A great many New York Knicks fans (this one included) have spent at least some time over the past two seasons pleading with head coach Mike Woodson to give more playing time to Pablo Prigioni. The backup point guard is arguably the lone unselfish/pass-first player on the Knicks' roster and, when he has seen the floor, has seemed the team's sole tether to the two point guards/Carmelo Anthony at power forward/space the floor, share the ball and bomb 3-pointers identity that propelled the Knicks to 54 wins and the second round of the playoffs last season, but has been in very short supply through New York's miserable start to the 2013-14 campaign.
The 36-year-old Argentine did get some burn on Tuesday night, playing just under 27 minutes against the Cleveland Cavaliers — his second-highest total of the season, surpassed only by the 37 1/2 minutes he played during New York's season-opening win over the Milwaukee Bucks — and chipped in six points, three rebounds and nine assists with just one turnover. But he also got some burn on Tuesday night, courtesy of a scorching Kyrie Irving:
This is probably not going to make Woodson feel much better about playing Pablo for longer stretches.
Hey, Cavaliers fans wondering what it would take for Irving to shake the cobwebs loose and resume hitting shots/annihilating defenders? Seth Rosenthal of Posting and Toasting has your answer:
The Knicks are here for you, struggling guards of the NBA. Kyrie Irving had been a bit off since mid-November, so New York's defensive organization — the Friendly Alliance of Really Terrible Defenders for Opposing Guards (FARTDOG) — rehabilitated him.
After eight straight games of making less than half of his field-goal attempts, Irving exploded against the Knicks. The 2012-13 All-Star scored 37 points on 14 for 23 shooting, dishing 11 assists against just one turnover in 36-plus minutes, and propelling the Cavs to a 109-94 win that improved them to 4-1 in their last five games and dropped the Knicks to 5-15 on the season, matching the worst 20-game start in franchise history. (The Knicks have started 5-15 five times before; as MSG Network's Alan Hahn notes, none of those five teams made the playoffs.)
Irving proved an equal-opportunity abuser whether guarded by Prigioni, shooting guard Iman Shumpert (the Knicks' nominal top perimeter defender) or starting point guard Raymond Felton en route to what first-year Cav Jarrett Jack (17 points on 6 for 8 shooting off the Cleveland bench) told Irving after the win "was the most 'mature' game that [Kyrie] had put together during [this] season," according to Scott Sargent of Waiting for Next Year.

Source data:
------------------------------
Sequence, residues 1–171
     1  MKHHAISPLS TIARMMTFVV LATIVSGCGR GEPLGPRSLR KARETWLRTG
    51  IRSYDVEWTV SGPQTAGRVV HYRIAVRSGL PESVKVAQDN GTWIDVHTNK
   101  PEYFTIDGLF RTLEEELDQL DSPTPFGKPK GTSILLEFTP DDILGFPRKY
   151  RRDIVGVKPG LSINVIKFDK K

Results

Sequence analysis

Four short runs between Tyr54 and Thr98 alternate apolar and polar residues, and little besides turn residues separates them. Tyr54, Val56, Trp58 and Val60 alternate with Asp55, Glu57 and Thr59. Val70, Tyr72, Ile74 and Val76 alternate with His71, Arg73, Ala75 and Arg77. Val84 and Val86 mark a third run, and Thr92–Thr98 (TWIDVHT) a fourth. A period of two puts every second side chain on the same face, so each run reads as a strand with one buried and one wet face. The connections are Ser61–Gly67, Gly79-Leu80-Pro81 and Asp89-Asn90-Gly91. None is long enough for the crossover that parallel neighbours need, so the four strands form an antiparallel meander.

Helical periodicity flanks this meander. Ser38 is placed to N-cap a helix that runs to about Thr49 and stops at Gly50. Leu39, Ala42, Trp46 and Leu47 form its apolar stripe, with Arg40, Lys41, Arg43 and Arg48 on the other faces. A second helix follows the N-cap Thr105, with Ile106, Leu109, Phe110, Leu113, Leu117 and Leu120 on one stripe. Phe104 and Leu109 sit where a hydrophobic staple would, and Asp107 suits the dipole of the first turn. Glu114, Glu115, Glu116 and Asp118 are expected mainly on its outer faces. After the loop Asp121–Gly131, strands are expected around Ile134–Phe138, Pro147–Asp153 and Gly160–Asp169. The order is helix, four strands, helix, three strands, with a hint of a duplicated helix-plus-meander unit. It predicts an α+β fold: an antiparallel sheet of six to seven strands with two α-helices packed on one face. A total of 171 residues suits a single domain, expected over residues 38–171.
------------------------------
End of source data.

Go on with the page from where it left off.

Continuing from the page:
"It was just another game," Irving said, according to Jodie Valade of the Cleveland Plain Dealer. "Every game I play, I just think about the next one. I haven't shot it as well as I've want to, but I've put in a lot of work on off-days, and trying to reap some of the rewards. That's what happened tonight."
And here's how it happened, in breathtaking detail:
It comes as no surprise that Irving had his "mature" breakout performance against the Knicks. For one thing, the Knicks' Felton/Prigioni/Shumpert/occasional Beno Udrih group has been largely abysmal in defending point guards at the point of attack this year, and with Tyson Chandler still sidelined ("I'm close. I'm not that close. I know I'm not game ready," Chandler said Tuesday) and the Knicks playing defensively challenged bigs Andrea Bargnani and Amar'e Stoudemire at center, there's nobody behind those beaten point guards to clean things up and protect the basket once the blow-by has taken place. (The Knicks could have used Kenyon Martin, shelved with a sore left ankle, on Tuesday; that statement in and of itself contains multitudes about how New York's season is going.)
Irving has averaged 32.8 points in his last four games against New York. That's the highest average versus the Knicks over the past two seasons (minimum: 3 games). The only other Cavaliers player ever to average 30 or more points over four games against the Knicks was LeBron James, who did it several times with a maximum of 38.3 points over a four-game span versus New York (2007-08).
No wonder Clevelanders want Kyrie to stick around.
Irving put the finishing touches on the Knicks by scoring 10 points on 4 for 6 shooting in the fourth quarter, repeatedly escorted to the rim and left alone on the perimeter to do his work. As J.R. Smith (14 points on 14 shots, plus one of the more acrobatic and horrendous turnovers you'll see this week) noted after the game, according to Scott Cacciola of the New York Times, "It’s like kicking a man when he’s down." Your fighting New York Knicks, ladies and gentlemen.
Prigioni could get a chance to redeem himself defensively in the days ahead, when the Knicks take on fellow Tuesday losers the Chicago Bulls at Madison Square Garden. Felton (six points on 3 for 8 shooting and three assists against Cleveland) re-aggravated the lefty hamstring injury that cost him four games earlier this season, according to Newsday's Al Iannazzone:
Felton wasn't optimistic about playing tonight against Chicago. "The way I feel right now, I have no chance," he said.
With the Knicks playing three games in the next four nights, he might just shut it down for at least the rest of the week. "That's what I'm hearing,'' Felton said. "That's the advice I'm getting, but we'll see what happens."
If Prigioni finds himself being put in the spin cycle by the likes of Kirk Hinrich and Marquis Teague, though, Woodson might eliminate all the mystery about how hot his seat is and just leave the World's Most Famous Arena in the middle of the game without clearing out his desk. It'd be hard to blame him, really.
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